The HDTune benchmark measures the overall performance of a drive in terms of transfer speeds (read/write), “access time” (the amount of time spent searching for data on the disk) and CPU usage (how hard your computer has to work in order to use the drive). The HDTune benchmark also measures the temperature being reported by the hard drive (more on that later). The images below show how the Western Digital Scorpio drives compare to other notebook storage solutions.


320GB WD Scorpio Black 7200rpm HDD

500GB WD Scorpio Blue 5400rpm HDD

320GB Toshiba MK3252GSX 5400rpm HDD

256GB Solidata SSD

Atto is one of the standard synthetic benchmarks we use to test the performance of a storage drive. Below you can see the average read and write times for the WD Scorpio Blue and Scorpio Black drives compared to a Toshiba 5400rpm notebook hard drive and a Solidata 256GB solid state drive (SSD).


320GB WD Scorpio Black 7200rpm HDD

500GB WD Scorpio Blue 5400rpm HDD

320GB Toshiba MK3252GSX 5400rpm HDD

256GB Solidata SSD

Clearly, the performance of the Solidata SSD far exceeds the WD hard drives with a read and write speed of approximately 80MB/sec versus 200MB/sec. (We’ll have a full review of the Solidata SSD very soon.) However, both the Scorpio Blue and Scorpio Black drives offer larger storage capacities for significantly lower costs than the SSD. The other important thing to note in the benchmarks above is that both Western Digital drives perform faster than the Toshiba drive we used in the comparison.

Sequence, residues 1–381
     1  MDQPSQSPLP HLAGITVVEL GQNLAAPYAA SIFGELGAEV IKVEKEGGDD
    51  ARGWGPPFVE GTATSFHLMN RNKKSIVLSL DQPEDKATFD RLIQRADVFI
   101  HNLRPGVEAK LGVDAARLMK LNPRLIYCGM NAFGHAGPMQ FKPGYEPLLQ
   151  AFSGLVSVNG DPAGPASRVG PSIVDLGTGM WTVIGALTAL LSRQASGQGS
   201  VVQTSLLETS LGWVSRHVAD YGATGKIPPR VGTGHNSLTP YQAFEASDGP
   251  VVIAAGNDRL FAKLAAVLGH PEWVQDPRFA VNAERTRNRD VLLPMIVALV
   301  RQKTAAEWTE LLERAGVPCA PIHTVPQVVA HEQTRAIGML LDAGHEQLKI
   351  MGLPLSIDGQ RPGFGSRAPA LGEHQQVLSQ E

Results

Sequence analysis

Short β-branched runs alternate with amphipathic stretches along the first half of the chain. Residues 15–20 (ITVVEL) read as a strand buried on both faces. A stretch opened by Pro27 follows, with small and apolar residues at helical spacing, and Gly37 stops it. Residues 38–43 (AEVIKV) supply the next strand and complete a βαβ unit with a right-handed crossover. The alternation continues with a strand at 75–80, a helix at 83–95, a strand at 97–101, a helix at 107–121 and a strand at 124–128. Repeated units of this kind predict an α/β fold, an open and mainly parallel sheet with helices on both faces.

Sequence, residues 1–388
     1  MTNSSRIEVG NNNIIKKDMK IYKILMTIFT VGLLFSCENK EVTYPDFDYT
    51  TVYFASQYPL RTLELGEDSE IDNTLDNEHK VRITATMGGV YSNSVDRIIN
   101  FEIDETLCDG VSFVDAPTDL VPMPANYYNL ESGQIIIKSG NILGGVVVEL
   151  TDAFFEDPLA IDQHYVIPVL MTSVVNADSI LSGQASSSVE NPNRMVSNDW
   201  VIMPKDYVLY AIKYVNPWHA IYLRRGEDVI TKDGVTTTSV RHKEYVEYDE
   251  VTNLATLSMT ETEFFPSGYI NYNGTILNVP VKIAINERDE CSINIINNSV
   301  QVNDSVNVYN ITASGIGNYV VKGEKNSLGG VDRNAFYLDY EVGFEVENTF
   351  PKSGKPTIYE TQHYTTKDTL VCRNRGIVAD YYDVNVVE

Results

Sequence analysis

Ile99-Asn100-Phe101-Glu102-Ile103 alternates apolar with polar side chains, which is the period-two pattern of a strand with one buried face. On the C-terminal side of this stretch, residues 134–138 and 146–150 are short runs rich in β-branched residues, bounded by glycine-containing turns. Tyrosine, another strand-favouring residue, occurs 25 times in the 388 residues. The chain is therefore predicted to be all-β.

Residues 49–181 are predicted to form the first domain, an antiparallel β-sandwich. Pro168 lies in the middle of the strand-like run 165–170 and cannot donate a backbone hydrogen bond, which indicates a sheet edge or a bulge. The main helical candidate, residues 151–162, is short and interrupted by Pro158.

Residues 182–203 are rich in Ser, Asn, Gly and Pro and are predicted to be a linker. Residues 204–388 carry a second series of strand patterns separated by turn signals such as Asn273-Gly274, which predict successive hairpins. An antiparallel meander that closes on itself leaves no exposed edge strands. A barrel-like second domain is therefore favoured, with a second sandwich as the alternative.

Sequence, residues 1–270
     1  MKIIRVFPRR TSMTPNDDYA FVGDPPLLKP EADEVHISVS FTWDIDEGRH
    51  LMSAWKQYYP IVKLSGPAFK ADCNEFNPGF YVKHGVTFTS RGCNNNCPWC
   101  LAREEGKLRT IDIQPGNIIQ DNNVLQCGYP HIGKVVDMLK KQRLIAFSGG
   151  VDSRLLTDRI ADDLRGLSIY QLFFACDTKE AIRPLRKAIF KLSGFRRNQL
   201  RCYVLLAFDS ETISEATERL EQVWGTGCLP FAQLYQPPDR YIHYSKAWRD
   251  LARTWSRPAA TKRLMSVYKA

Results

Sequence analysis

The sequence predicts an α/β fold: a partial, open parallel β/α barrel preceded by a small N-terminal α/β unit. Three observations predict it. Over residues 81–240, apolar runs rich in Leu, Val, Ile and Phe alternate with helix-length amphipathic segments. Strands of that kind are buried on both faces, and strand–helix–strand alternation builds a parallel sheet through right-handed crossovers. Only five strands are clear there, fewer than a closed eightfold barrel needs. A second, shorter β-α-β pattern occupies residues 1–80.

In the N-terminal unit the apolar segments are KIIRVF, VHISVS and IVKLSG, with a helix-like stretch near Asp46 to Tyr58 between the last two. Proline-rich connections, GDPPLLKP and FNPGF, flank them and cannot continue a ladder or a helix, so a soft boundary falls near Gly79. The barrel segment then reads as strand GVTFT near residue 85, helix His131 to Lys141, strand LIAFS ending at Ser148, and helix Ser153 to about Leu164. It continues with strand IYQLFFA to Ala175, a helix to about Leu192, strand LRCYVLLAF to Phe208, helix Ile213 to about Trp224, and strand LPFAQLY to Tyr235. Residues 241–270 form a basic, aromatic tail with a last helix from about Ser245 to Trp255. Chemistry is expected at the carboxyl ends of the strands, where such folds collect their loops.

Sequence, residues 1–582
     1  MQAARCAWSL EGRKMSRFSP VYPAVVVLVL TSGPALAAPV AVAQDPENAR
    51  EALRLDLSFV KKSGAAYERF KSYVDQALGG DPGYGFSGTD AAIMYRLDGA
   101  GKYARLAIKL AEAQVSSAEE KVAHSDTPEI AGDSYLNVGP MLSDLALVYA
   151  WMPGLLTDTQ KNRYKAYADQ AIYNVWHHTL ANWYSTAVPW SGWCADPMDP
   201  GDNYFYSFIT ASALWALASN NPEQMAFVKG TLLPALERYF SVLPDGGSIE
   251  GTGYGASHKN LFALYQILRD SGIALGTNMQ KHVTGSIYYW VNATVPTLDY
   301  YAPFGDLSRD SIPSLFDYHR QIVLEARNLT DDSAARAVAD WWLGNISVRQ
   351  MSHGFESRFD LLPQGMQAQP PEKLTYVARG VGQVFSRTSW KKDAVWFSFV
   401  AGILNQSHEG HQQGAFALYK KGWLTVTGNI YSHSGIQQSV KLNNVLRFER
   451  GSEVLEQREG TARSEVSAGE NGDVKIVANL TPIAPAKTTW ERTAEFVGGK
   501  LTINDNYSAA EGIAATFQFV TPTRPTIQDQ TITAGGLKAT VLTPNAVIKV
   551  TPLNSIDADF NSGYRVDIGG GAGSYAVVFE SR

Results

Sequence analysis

Western Digital claims the Scorpio Black drive offers “desktop-class performance for notebook computers.” We were more than a little skeptical of that claim and expected the Scorpio Black to benchmark just a little slower than a desktop hard drive rated at 7200rpm. In fact, while the Seagate Barracuda 7200.10 desktop hard drive has significantly lower CPU utilization, the Scorpio Black has virtually the same average data transfer rate and access time as the desktop drive.


400GB Seagate Barracuda 7200.10 Desktop HDD

Heat and Noise
Fast notebook hard drives are generally notorious for running hot and making “clicking” noise under serious use. Both the Scorpio Blue and the Scorpio Black proved to be a pleasant surprise in these categories.

Interestingly enough, the high speed 7200rpm Western Digital Scorpio Black drive remains remarkably cool at an operational temperature of just 30 to 33 degrees Celsius. By comparison, a Toshiba 320GB MK3252GSX 5400rpm notebook hard drive runs a full 12 to 19 degrees Celsius hotter at an average temperature of 42 to 49 degrees. A few dozen degrees might not sound like much, but since the maximum operational temperature of most notebook hard drives is between 55 and 60 degrees Celsius, we would rather use a hard drive that runs at 30 degrees than one that runs at 49 degrees.